Using AI to gauge employee well-being, satisfaction

Artificial intelligence has the potential to make a variety of human resources tasks faster and more efficient, but while the technology is sophisticated, employers should be aware of its limitations and risks, said Matissa Hollister, assistant professor of organizational behaviour at McGill University’s Desautels Faculty of Management, during Benefits Canada’s 2023 Future of Work Summit.

“There’s this interesting paradox, which is that both of the following statements are true: AI has the potential to make things more fair and AI has the potential to make things much worse.”

Hollister designed and led a World Economic Forum project in 2019 and 2020 to create a guide on the responsible use of AI in HR tasks. “This creates a real challenge in deciding to use AI systems, especially in the employment context.”

Read: Does artificial intelligence have a place in human resources?

The past year has seen a boom in AI-powered tools and the rapid advancement of generative AI products Open AI’s ChatGPT and Microsoft Corp.’s Bing chatbot. But their widespread adoption has heightened worries about the potential for these tools to entrench inequities and displace workers in certain sectors.

Hollister also advised employers to look out for forthcoming regulations around AI specifically — including Canada’s Artificial Intelligence and Data Act and the European Union’s AI Act, the latter of which has specific provisions around the use of AI in employment and for HR tasks. The use of AI can also fall into existing adverse impact, labour and data privacy laws, she added.

There are two types of AI, which are underpinned by machine learning techniques that involve giving a computer a massive amount of data from which it can learn, find patterns and make predictions. Task-based AI is designed to use that data to perform one specific task incredibly well, said Hollister, and represents the vast majority of AI tools on the market. Generative AI tools, on the other hand, are trained on unfathomable amounts of data to be able to create text, images or video.

Task-based AI has been used in the HR space to try to identify top job candidates, scan job postings to flag language that might discourage diverse candidates from applying and more, she noted.

Read: Humi using ChatGPT to remove administrative burden from HR, recruitment processes

But the way these algorithms are built reveals two challenges employers will need to wrestle with. Using an example of a tool for recommending job candidates, Hollister said the algorithm would be tasked with determining applicant characteristics that are associated with people who perform a certain job very well. To do that, it would be fed data from applicant profiles to compare against training data on previously successful employees and those who didn’t perform as well.

Even if the algorithm identifies a strong candidate, there’s no way to guarantee a successful outcome, she said. There are plenty of external factors that can impact someone’s job performance and aren’t measured by an algorithm, including manager and colleague relationships, unexpected events in their personal lives and more.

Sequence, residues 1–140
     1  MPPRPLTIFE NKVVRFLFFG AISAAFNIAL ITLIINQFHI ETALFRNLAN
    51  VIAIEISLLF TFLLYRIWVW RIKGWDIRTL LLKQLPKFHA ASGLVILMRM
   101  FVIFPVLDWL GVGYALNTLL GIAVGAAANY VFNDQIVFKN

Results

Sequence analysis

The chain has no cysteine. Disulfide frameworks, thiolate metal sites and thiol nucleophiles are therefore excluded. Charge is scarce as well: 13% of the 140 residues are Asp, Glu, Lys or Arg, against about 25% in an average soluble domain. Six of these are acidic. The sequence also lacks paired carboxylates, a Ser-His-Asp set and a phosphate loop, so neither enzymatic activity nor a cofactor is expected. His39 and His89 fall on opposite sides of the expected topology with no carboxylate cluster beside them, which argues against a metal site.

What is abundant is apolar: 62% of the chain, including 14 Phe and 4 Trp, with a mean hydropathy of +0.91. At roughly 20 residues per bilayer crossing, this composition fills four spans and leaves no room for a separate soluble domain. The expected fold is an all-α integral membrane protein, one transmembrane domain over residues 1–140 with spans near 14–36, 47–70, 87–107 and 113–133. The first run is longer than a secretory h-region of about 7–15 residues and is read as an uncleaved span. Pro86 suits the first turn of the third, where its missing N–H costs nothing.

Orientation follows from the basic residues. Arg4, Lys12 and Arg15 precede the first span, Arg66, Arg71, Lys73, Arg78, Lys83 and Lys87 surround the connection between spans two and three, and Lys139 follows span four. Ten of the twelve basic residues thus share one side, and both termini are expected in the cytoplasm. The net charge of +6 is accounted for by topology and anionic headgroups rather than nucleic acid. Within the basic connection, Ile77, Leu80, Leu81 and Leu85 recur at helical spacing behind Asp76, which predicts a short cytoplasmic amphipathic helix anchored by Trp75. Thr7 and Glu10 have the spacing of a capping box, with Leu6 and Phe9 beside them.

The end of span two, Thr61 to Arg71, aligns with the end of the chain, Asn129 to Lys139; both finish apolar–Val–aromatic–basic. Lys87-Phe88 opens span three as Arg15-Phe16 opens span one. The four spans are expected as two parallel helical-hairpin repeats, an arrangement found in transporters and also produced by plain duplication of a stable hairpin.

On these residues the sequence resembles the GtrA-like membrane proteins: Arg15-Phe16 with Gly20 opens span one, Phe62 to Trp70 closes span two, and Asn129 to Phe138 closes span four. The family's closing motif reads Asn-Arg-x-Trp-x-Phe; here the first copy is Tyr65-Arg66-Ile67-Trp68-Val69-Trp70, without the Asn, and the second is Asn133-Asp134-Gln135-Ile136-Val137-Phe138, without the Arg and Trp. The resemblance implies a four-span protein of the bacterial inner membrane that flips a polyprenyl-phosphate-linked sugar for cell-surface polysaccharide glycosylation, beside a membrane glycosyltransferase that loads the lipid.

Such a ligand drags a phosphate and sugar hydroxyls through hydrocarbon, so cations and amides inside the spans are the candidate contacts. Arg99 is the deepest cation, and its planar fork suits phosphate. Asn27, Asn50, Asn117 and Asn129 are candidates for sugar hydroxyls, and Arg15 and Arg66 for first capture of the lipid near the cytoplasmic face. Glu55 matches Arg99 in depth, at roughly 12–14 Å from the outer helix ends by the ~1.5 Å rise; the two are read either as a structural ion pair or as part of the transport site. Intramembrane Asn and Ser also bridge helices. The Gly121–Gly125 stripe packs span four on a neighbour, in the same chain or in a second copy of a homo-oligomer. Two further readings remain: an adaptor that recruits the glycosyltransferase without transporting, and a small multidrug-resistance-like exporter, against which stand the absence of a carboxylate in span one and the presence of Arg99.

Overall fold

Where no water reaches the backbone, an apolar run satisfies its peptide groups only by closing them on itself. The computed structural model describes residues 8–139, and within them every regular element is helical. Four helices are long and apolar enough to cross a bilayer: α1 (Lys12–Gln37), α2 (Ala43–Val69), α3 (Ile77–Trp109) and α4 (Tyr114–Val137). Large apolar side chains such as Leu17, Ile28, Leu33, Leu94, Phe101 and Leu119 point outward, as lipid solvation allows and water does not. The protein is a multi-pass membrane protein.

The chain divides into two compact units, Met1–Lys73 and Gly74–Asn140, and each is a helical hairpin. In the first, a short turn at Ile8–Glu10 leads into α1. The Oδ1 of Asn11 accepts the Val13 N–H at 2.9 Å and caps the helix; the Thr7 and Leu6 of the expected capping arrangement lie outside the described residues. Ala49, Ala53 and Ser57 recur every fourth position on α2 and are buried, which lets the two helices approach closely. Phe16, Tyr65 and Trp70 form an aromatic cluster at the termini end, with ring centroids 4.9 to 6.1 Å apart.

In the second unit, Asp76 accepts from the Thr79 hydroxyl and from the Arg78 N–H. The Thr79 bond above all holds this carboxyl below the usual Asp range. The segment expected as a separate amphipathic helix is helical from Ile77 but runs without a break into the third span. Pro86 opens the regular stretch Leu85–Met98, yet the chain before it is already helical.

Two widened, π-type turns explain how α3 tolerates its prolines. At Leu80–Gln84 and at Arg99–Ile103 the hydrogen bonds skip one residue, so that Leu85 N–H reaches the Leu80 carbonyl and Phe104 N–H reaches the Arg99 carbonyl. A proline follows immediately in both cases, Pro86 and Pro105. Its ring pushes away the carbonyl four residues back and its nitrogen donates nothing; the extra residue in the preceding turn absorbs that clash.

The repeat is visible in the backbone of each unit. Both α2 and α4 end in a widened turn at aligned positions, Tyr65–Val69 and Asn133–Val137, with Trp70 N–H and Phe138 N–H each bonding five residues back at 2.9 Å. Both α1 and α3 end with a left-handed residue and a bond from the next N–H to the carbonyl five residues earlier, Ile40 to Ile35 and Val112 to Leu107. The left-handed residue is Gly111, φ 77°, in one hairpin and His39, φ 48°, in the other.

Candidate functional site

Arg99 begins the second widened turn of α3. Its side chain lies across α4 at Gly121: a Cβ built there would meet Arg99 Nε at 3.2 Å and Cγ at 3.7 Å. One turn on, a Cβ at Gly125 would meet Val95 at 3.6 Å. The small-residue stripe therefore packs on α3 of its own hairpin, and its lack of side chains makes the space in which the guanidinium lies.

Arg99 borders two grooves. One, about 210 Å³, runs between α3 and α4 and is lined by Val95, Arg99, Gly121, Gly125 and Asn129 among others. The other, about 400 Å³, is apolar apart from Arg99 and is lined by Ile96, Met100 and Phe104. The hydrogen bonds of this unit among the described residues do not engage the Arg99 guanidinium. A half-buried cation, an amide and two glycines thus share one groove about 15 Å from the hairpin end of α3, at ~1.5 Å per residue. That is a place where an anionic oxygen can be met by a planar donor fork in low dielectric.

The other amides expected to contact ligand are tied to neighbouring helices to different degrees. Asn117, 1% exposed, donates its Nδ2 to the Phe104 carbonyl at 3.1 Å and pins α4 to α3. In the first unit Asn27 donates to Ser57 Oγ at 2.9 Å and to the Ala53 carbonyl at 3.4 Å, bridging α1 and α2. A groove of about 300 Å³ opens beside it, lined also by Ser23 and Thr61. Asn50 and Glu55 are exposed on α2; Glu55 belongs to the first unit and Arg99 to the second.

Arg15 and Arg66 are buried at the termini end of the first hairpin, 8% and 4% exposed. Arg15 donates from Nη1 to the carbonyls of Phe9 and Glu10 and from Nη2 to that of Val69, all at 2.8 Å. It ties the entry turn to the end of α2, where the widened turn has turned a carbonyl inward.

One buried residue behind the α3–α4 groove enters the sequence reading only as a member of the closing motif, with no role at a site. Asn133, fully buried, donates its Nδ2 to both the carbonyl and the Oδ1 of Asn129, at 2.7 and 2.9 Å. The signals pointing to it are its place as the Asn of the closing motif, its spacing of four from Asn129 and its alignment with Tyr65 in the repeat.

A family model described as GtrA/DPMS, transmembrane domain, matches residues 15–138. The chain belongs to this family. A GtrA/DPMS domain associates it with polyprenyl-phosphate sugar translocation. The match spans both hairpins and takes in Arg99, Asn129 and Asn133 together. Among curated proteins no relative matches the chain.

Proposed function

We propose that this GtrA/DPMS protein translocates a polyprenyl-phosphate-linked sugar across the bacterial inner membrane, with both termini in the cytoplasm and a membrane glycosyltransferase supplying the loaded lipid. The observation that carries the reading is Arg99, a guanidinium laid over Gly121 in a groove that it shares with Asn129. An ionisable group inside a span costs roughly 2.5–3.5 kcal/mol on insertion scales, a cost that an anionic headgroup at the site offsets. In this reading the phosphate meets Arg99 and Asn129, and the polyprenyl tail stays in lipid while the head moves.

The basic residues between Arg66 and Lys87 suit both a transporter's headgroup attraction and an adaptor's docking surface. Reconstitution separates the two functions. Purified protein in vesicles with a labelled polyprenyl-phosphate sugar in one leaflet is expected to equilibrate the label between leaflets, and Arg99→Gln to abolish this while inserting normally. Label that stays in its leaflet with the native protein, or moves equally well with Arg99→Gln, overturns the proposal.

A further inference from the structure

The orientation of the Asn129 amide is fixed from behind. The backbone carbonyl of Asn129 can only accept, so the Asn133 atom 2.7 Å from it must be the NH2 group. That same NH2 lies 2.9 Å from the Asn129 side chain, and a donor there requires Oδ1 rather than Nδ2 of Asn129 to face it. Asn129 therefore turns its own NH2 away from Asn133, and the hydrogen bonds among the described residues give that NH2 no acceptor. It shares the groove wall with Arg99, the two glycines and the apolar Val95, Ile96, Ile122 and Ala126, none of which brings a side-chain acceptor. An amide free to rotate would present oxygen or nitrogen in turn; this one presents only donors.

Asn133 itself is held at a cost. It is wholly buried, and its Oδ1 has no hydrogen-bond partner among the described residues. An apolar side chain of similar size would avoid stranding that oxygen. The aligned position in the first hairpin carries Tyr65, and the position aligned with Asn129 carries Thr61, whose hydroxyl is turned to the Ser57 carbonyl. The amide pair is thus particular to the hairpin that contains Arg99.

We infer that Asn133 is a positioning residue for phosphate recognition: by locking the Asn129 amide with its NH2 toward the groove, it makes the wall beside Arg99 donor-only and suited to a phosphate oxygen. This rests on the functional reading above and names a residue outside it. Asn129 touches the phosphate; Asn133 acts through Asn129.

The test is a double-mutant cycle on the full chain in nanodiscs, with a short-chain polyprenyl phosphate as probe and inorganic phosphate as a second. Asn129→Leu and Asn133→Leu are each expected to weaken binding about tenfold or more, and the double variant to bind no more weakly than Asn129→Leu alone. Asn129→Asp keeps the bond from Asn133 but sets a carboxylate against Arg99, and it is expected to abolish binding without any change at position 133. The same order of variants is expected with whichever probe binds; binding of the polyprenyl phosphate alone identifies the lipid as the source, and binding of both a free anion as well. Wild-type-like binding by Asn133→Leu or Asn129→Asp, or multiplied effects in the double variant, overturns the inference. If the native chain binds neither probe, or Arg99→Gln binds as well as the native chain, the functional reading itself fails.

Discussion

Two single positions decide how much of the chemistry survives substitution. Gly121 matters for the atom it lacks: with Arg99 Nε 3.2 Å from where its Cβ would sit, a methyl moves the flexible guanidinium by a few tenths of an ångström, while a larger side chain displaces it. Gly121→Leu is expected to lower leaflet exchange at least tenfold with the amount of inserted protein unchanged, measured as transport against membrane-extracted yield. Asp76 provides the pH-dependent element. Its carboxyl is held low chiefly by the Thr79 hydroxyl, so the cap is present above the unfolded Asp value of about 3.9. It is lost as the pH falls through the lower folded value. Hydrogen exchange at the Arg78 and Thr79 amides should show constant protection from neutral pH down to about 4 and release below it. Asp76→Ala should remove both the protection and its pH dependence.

As well, the decisions around what applicant profile details the algorithm is given to evaluate and what metrics are considered relevant training data reflects human behaviour “and therefore is not objective,” she said. For example, years of unconscious bias against women or minority groups at the hiring and performance evaluation level could embed inequities in the training data and therefore skew the tool’s recommendations.

Employers that are considering creating or procuring a task-based AI tool need to know where the training data came from, the outcome the tool is looking to achieve and what inputs the tool is using to make its predictions, said Hollister.

Read: Canadian employees have mixed emotions about impact of AI on career, skills: survey

She also recommended seeking perspectives from many stakeholders throughout the company with diverse backgrounds, who may be able to identify unintended biases in the training data, inputs or intended outcome.

Meanwhile, generative AI could be used in some HR functions, such as developing job interview questions or writing emails, with Hollister pointing to a study that found it was used successfully to provide customer service agents with suggestions on how to respond to clients.

But Hollister cautioned employers to use it with guardrails, including not putting any confidential company data into an LLM chatbot, since it then becomes part of its training data. The text these tools generate are better used as a base from which to start rather than accepted wholesale, she added, since the text is merely created based on the tool’s prediction of what words should follow each other rather than a genuine understanding of language and intent.

Read more coverage of the 2023 Future of Work Summit.